Saving Money and Building Wealth

Image source: https://www.dnaindia.com/business/report-use-credit-card-as-emergency-lifeline-2280766

1: Accept that you’ll need some credit cards.

Otherwise, you’ll basically have no credit and limited access to other ways of establishing credit. Without credit, things like real estate and mortgages will basically be off limits, and things like car loans will cost you an insane amount more. Having credit cards in your name is not about needing or even using them — it’s just about playing the system.

Image source: https://www.cnet.com/news/tv-vs-projector-which-big-screen-makes-the-most-sense-for-you/

2: Avoid consumer debt.

Consumer debt is debt that doesn’t make you money. Debt used incorrectly can destroy your life. Only buy things you can afford when you can afford them.

Image source: https://wellkeptwallet.com/how-to-start-living-below-your-means/

3: Live below your means.

Living below their means is a personality trait of everyone who has ever built lasting wealth. Whatever you make, you need to live on significantly less. Most things won’t make as much of a positive long-term impact on your life as just saving and investing. Living cheaply in your 20s will set you up forever.

Image source: https://medium.com/comistar/introducing-bankapply-bank-account-opening-in-europe-simplified-76e3d5317c99

4: Have a bank account solely in your name.

This is by far the easiest thing to do on this list. This shows potential lenders and other agencies that you’re an independent adult. However, this isn’t about opening an account “just anywhere” simply to have one.

Image source: https://www.forbes.com/sites/financialfinesse/2020/07/13/why-you-might-want-to-contribute-to-a-roth-ira-by-july-15th/?sh=2df2e0605611

5: Open a Roth IRA.

This is a retirement account for “post-tax” money. That means you should invest money you’ve already paid taxes on there, which is going to be almost any money you get from a normal hourly/salary job.

Image source: https://motto-jp.com/media/work/how-did-i-get-a-job-part-2-of-5/

6: Get a(nother) job.

Get a job or create a “side-hustle” even if you don’t need it. It doesn’t matter what it is or if the pay isn’t great. Do anything, even if it’s just a few hours a week, for extra investment money. If you’re investing in your 20s, a rough mental note to keep is that every $1 you invest now is $15–25 in future growth.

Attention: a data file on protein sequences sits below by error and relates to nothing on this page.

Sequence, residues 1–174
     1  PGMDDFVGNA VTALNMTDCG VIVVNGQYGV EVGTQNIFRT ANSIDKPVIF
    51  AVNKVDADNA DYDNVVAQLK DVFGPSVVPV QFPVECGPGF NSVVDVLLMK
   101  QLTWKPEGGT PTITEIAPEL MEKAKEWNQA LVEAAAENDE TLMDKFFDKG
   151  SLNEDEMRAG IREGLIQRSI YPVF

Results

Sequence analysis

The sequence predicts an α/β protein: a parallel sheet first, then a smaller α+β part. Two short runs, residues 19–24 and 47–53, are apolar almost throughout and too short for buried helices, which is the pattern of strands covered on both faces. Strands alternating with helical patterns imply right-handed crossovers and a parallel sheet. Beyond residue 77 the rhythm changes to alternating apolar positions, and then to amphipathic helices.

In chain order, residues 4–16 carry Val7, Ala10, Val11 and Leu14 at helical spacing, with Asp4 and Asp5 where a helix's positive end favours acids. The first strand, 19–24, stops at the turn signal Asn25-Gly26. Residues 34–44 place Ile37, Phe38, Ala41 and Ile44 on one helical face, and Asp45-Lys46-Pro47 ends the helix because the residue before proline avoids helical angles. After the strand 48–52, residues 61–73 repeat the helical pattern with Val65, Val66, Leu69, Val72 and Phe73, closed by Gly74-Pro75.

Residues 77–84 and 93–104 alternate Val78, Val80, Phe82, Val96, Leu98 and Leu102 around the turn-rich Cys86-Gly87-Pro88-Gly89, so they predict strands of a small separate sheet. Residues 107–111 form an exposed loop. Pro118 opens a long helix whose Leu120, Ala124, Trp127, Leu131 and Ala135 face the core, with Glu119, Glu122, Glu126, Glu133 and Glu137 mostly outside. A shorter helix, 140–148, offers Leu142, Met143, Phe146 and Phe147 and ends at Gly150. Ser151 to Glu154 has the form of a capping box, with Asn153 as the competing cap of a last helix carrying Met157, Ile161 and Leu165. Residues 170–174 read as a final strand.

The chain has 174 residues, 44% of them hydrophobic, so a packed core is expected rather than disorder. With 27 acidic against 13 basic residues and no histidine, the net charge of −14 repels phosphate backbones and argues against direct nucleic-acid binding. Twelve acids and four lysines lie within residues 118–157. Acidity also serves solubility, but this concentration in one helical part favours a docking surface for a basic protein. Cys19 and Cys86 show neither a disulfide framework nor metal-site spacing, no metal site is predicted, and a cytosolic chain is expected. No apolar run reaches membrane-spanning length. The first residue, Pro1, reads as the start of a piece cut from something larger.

Image source: https://news.tradimo.com/how-to-invest-in-stocks-beginners-guide/

7: Learn how to invest for the long run.

It might be tempting to chase the latest buzz on the streets. You see Tesla go parabolic, Amazon’s monopoly seems like it can never fail, and that weird guy from high school is posting pictures of the car he (allegedly) bought with Bitcoin money.

Image source: Alex Kormann/Charlotte Observer/Tribune News Service via Getty Images

Bonus: Don’t forget you can also invest in yourself!

Investing doesn’t just mean corporate giants. If you want to take a risk, it’s best to risk young. If you want to start something like a Twitch channel or small business, try to do it early and give yourself a reasonable time limit. Decide something like, “Okay, I’m going to give this YouTube venture two years, and if it fails, then at least I gave it my all and don’t have to wonder about what could have been.”

Image source: https://www.nydailynews.com/life-style/university-tosses-mortarboard-throwing-unacceptable-risk-article-1.2641164

8: Reconsider college.

Saying this as a former teacher doesn’t get me many points in the education community, but I’ll keep saying it: college isn’t for everyone.

For more finance, TA, and life in Japan, visit me on twitter @Nikadesh

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Nikadesh

Nikadesh

12 cats in a man suit. Finance and Japan. May your bags be full and your candles green.